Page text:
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No Need for Shoulder Separation Anxiety

Injuries referred to as “shoulder separations” are a common injury in athletics.1 These injuries are not of the ball and cup itself (glenohumeral joint), but rather the small joint just above where the collarbone meets the shoulder. This injury occurs typically when an athlete falls directly onto his or her shoulder or is hit directly on the outside of the shoulder. Shoulder separations are frequently seen in contact sports like hockey, football, and soccer, but can occur in any sport or activity.1,2

Shoulder separations represent almost half of all injuries to the shoulder region.1,2 There are several ligaments that stabilize the shoulder, and injury severity is based upon to what extent damage to these ligaments has occurred. Patients will describe pain in their shoulder, especially with movement, and may notice a “bump” on top, that represents the end of the collarbone. Most shoulder separations can be treated without surgery, but often do require a period of rest, icing, antiinflammatory medication, and physical therapy.2 Evaluation of these injuries will typically include X-rays to evaluate for fracture and sometimes an MRI if there is suspicion of injury to the joint. With more severe injuries, surgery may be recommended to improve longterm function and relieve pain.2 There are several different surgical procedures that are described for severe shoulder separation injuries depending upon the specifics and which ligaments are injured.

All surgical procedures for shoulder injuries will require a period of rest, recovery, and rehabilitation after surgery that can last up to 6–9 months depending on the type of surgery. Return to sports and activities with non-operative or operative treatment is based on a number of factors to include sport, position, and hand dominance. A throwing athlete like a baseball player or football quarterback who injures their throwing shoulder may require longer periods of time away, as compared to a soccer player for the same severity of injury. For athletes that wear shoulder pads, or even ones that do not, a hardshell or soft pad can be applied over the shoulder for a period of time during initial return to prevent symptoms and re-injury from repeat contact. With proper treatment, shoulder separations can be managed effectively and symptom-free return to activities and sport is the goal.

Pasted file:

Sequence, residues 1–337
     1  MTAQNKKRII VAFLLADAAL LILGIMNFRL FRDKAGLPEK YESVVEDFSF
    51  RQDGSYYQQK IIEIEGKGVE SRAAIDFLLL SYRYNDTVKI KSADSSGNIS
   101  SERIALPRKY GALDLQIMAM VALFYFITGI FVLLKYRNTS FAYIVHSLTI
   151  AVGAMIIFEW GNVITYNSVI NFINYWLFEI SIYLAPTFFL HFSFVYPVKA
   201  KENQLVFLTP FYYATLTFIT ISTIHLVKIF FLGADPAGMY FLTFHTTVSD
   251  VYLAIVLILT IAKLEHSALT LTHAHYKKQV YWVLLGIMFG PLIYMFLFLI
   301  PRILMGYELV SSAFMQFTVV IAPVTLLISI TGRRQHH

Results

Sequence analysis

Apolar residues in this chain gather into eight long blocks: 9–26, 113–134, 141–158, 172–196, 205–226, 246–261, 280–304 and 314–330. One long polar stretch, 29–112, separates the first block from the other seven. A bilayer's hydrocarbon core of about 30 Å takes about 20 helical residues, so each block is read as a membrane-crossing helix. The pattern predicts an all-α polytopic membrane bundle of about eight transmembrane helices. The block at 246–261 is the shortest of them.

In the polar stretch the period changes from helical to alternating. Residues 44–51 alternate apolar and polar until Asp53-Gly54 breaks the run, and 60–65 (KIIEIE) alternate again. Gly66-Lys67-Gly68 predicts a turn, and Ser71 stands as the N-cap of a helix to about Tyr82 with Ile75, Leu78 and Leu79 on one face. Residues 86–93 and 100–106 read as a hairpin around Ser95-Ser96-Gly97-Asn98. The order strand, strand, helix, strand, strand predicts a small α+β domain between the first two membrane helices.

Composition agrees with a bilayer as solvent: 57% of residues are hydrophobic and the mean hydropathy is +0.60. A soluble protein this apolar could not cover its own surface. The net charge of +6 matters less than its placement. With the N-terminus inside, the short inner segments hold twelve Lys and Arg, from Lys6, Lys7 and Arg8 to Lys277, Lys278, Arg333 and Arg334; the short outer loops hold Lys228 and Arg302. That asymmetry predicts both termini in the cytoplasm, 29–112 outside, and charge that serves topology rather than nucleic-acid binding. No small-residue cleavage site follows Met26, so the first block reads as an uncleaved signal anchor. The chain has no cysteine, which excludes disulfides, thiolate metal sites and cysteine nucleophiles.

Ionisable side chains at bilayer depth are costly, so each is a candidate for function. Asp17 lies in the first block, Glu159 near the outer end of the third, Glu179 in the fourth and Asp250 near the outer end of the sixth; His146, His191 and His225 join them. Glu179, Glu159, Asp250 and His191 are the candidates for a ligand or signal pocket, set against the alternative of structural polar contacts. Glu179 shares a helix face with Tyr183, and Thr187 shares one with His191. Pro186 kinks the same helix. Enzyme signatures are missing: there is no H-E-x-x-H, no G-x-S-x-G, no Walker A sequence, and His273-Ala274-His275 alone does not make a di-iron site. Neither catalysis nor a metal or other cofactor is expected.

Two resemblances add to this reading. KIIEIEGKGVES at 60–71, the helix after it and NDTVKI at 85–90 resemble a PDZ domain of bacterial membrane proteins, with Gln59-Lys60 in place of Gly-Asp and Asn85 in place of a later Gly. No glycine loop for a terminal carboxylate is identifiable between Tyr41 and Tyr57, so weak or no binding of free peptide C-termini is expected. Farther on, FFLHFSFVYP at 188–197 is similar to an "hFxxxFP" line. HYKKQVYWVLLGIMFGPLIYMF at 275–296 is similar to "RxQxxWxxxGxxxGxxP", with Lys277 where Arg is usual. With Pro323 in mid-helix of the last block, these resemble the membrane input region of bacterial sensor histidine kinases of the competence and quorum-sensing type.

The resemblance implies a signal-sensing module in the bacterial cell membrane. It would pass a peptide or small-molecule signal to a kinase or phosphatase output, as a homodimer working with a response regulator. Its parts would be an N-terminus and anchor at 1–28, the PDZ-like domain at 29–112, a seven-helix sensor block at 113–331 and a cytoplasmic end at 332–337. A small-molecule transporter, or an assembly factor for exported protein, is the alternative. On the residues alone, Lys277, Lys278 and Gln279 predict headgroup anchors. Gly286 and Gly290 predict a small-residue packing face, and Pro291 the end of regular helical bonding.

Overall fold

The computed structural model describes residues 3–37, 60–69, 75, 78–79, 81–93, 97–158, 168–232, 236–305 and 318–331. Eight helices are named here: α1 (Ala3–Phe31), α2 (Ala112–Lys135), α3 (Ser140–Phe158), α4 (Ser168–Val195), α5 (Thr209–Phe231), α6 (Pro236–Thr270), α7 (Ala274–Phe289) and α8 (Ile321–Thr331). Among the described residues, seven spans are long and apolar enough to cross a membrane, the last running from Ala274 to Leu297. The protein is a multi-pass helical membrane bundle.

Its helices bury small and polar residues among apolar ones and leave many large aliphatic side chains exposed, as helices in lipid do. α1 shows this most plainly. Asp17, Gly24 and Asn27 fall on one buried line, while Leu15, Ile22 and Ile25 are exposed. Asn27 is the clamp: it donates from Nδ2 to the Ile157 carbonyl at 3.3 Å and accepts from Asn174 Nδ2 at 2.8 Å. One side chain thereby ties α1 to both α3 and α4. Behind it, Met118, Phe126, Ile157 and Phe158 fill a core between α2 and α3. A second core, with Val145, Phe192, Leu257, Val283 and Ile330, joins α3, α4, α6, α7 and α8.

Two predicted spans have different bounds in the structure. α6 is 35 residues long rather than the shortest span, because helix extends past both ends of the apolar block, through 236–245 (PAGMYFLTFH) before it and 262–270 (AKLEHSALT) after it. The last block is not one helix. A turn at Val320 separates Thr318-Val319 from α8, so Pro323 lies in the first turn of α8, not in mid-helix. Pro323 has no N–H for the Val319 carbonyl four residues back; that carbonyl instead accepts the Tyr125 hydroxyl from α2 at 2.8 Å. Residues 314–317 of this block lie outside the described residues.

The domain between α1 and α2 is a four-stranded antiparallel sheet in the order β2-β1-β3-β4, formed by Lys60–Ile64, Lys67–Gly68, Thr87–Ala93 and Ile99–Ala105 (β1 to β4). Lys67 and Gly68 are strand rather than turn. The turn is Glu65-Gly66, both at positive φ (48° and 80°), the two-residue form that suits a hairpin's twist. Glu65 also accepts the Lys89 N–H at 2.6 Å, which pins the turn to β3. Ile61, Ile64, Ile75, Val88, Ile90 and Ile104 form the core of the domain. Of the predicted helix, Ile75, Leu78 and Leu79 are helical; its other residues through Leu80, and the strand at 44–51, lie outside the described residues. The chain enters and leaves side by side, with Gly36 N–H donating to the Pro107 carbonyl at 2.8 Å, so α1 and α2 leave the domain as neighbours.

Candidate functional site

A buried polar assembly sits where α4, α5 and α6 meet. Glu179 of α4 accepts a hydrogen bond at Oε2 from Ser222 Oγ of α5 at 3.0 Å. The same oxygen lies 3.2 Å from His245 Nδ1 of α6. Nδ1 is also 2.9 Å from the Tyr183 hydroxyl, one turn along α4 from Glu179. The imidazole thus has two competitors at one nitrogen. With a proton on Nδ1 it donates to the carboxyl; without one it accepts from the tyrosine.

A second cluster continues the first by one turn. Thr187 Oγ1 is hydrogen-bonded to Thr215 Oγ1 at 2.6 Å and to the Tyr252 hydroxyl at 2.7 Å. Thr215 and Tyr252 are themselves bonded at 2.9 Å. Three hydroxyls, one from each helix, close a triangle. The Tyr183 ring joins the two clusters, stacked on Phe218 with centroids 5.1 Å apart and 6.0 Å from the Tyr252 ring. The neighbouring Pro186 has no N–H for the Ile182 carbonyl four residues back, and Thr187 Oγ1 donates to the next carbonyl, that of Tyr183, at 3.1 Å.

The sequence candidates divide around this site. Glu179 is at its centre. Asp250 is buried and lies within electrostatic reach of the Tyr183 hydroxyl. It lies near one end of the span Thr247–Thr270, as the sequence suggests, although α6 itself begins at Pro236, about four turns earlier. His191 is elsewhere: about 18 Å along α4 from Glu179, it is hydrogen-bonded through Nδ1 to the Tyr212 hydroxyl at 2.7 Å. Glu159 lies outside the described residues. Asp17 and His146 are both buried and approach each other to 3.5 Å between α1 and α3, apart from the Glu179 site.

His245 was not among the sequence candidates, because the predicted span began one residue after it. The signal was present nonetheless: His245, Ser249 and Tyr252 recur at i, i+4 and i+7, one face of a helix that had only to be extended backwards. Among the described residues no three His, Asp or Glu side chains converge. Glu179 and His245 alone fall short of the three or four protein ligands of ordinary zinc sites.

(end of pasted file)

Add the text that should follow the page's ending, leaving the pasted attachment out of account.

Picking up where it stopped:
References 1. Kaplan LD, Flanigan DC, Norwig J, Jost P, Bradley J. Prevalence and variance of shoulder injuries in elite collegiate football players. Am J Sports Med. 2005. 33(8):1142-6. 2. Simovitch R, Sanders B, Ozbaydar M, Lavery K, Warner JJ. Acromioclavicular joint injuries: diagnosis and management. J Am Acad Orthop Surg. 2009. 17(4):207-19. 3. Williams GR, Nguyen VD, Rockwood CA. Classification and radiographic analysis of acromioclavicular dislocations. Appl Radiol. 1989. 18(2):29-34.

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